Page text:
The JMN family would like to extend a heartfelt mazal tov to our member Debbie G. on the marriage of her son, and are also sending special bar mitzvah blessings to our member Nosson K. upon the occasion of his son’s Aliya l’Torah this Shabbos! Mazal Tov to Yehuda Binyamin נ”י and to his entire mishpacha!!
Hashem appeared to Avraham and told him that the people of S’dom were wicked and would be destroyed. The only ones who would be saved were Lot and his family. Hashem then sent two malachim, Gavriel and Michoel, to accomplish this task. When they arrived on the scene, they explained to Lot that they were on a mission to wipe out the city, and he was to take his family and flee.
Yet when the destruction began, he didn’t move. “Vayismamuh” – “He hesitated” (19:16). While he clearly understood the consequences, he remained glued to the spot. Finally, the malachim grabbed him by the hand and pulled him and his daughters away to safety.
The “trop” – the musical note – over the word “Vayismamuh” is a shalsheles, a long, drawn-out sound that rises and falls three times, and suggests lingering or stalling. It fits perfectly in the pasuk since the word is translated literally as “and he hesitated.” The shalsheles only appears two other times in Sefer Bereishis – when Avraham’s servant, Eliezer, is about to begin the search for a suitable bride for his master’s son, Yitzchok Avinu, (Chayei Sarah 24:12) and when Yosef rebuffs the advances of Potiphar’s wife in Egypt (Vayeishev 39:8).
R’ Yitzchak Meir Goodman (There Shall Be Light) writes that all three of these instances are worthy of a shalsheles – a chain – because in each instance, the very chain of Jewish survival was at stake. How so? Lot may have delayed his departure from S’dom because of his fears or doubts, but he had to be saved one way or another – not because of his righteousness, but because he was destined to be the father of Moav, the ancient ancestor of Dovid HaMelech, an indispensable link in the Jewish chain!
So, too, did Eliezer forge another vital link by enabling the joining of our matriarch Rivkah and Yitzchok Avinu in marriage! And had Potiphar’s wife succeeded in corrupting Yosef, causing him to lower himself by succumbing to her immodest advances, she would have most certainly changed the course of Jewish history. Thus, we see clearly that the tradition of the musical “trop” that we use when we read the parsha are not just random notes, but correspond appropriately to the meaning of the word to which they belong.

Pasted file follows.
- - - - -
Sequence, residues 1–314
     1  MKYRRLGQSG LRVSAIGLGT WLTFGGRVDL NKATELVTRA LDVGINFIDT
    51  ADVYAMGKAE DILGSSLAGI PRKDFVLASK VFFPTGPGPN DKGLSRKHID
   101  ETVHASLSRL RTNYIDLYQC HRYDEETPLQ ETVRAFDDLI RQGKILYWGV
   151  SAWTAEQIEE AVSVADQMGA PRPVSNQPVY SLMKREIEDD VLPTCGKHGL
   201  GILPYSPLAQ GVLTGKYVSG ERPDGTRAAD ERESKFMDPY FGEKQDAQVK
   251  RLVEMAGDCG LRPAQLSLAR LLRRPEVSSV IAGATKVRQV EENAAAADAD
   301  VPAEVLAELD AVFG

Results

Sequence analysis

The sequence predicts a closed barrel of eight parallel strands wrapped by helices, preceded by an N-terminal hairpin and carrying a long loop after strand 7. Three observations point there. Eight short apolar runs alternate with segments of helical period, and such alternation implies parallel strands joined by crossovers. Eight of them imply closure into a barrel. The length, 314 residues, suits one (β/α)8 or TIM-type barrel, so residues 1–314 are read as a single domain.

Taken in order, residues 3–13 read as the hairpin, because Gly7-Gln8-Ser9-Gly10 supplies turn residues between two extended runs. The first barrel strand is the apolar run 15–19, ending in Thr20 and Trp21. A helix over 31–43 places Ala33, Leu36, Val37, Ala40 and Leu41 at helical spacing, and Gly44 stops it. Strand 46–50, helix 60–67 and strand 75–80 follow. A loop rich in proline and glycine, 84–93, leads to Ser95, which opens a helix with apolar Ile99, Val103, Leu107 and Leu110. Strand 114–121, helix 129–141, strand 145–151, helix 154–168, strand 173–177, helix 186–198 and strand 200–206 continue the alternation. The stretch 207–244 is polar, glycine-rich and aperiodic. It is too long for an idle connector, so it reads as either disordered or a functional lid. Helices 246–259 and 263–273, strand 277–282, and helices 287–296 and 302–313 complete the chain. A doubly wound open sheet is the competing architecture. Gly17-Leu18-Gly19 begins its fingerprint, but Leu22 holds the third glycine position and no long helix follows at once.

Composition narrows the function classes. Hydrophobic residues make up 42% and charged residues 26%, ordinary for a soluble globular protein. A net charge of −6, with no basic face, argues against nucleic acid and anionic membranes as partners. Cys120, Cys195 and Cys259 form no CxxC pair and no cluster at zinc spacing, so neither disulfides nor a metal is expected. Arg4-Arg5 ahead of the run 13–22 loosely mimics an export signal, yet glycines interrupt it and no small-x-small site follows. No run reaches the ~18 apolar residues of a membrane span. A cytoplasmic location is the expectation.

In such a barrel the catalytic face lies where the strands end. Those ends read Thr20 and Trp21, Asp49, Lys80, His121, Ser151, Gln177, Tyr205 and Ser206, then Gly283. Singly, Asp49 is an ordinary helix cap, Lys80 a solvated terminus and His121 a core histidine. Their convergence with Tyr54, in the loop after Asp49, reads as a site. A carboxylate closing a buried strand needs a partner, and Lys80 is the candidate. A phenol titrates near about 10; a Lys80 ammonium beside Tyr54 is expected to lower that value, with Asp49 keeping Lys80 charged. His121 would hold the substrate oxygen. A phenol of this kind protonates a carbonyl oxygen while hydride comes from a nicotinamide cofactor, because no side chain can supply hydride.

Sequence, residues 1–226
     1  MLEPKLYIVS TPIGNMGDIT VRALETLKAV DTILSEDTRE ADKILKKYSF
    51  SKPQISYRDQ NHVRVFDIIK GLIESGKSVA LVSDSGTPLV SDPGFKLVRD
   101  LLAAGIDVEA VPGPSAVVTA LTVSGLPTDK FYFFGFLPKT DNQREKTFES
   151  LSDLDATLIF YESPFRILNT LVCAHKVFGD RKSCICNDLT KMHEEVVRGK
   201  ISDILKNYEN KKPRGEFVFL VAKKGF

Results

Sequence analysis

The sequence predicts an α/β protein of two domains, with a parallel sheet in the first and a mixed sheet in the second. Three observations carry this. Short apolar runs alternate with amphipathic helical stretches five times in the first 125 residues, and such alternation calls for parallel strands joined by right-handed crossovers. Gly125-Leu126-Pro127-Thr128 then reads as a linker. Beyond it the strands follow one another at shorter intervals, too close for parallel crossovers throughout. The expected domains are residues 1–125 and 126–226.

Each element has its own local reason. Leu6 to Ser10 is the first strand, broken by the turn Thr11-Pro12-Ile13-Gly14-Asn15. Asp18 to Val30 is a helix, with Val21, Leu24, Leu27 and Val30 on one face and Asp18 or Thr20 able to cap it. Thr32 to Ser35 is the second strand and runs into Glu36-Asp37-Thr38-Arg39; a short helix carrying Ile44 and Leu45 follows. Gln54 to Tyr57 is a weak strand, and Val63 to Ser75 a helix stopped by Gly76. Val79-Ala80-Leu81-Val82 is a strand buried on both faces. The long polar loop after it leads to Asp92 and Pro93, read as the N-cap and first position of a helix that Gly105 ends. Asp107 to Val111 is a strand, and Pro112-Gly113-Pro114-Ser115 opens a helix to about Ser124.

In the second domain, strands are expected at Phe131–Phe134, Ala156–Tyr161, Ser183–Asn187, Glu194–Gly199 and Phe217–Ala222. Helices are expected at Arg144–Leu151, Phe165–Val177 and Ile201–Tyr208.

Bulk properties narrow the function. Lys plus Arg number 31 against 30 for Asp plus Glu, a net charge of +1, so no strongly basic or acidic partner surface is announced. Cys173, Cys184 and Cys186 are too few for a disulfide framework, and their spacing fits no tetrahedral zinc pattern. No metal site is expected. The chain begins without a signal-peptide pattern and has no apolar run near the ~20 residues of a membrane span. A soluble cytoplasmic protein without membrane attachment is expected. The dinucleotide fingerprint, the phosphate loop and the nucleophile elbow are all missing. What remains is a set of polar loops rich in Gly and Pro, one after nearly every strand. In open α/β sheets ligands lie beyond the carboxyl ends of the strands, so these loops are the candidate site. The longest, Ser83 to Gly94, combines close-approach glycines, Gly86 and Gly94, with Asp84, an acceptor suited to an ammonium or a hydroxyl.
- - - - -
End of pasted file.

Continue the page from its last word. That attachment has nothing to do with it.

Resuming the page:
In ancient times, the shuls were often located outside the towns in which people lived, and walking home from shul alone at night was dangerous. Chazal therefore instituted a bracha after Shemoneh Esrei, thereby delaying the end of davening so that someone who arrived late would be able to complete his davening and return with everyone else and not be left to walk home alone. The bracha Mei’ein Sheva – colloquially referred to as Magen Avos – is recited by the chazzan after we conclude the Friday night Shemoneh Esrei, and is a synopsis of the seven brachos that comprise the Shabbos tefillah.
Although there are other reasons given for the inclusion of the bracha Mei’ein Sheva in our tefillos, the truth remains that the entire minhag teaches a lesson of paramount importance in both the strength of our traditions and in the respect we show Chazal. The establishment of this bracha takes us back to a period of time thousands of years ago, to a set of circumstances that pretty much no longer apply. And yet, we continue to observe this mitzvah every Friday night, notwithstanding the fact that the reason for its establishment no longer exists.
In a world where change has become a constant phenomenon, and opinions become obsolete almost more quickly than they come into style, Magen Avos is a perfect example of the fact that Chazal’s wisdom is timeless and eternal, relevant in all times and places, giving the Jewish people a stability that every individual, and all the other nations so desperately crave. How fortunate we are to be able to follow the words of Chazal, and by doing so, become integral links in the chain of Jewish continuity.
One of my favorite Shabbos albums has been and still remains Raza D’Shabbos from back in 2001. Following the success of his first Shalsheles album in 1999, composer Yitzchok Rosenthal put his talents and abilities on full display in creating yet another masterpiece. Magen Avos was composed by Rosenthal and was performed by the songwriter, along with the group that has since become his legacy. As the name suggests, Shalsheles has since adequately proven to be a significant link in the chain of Jewish music tradition.
Wishing all of you a historic Shabbos!